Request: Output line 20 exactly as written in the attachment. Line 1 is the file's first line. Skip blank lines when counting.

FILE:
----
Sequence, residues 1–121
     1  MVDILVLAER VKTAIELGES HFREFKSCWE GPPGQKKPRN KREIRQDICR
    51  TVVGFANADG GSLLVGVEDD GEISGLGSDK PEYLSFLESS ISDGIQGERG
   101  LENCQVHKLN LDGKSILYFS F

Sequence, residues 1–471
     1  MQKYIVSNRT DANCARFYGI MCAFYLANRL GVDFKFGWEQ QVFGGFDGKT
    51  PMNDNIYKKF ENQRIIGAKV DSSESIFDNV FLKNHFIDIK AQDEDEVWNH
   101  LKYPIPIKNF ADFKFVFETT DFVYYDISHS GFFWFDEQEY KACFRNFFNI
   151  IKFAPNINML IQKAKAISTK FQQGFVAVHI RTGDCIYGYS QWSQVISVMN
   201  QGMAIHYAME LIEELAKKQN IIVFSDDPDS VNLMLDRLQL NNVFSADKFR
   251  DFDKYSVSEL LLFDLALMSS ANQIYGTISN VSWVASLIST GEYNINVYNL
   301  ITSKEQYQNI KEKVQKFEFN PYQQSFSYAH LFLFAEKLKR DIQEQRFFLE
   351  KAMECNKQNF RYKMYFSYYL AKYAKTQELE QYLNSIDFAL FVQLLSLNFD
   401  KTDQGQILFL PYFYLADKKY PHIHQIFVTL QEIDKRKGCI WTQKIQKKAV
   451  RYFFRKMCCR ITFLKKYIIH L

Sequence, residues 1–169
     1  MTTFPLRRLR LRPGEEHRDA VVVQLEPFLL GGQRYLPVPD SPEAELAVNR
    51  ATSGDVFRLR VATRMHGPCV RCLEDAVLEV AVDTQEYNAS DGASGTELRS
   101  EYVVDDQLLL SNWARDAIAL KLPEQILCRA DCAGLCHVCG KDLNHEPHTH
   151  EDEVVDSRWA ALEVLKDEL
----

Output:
   151  EDEVVDSRWA ALEVLKDEL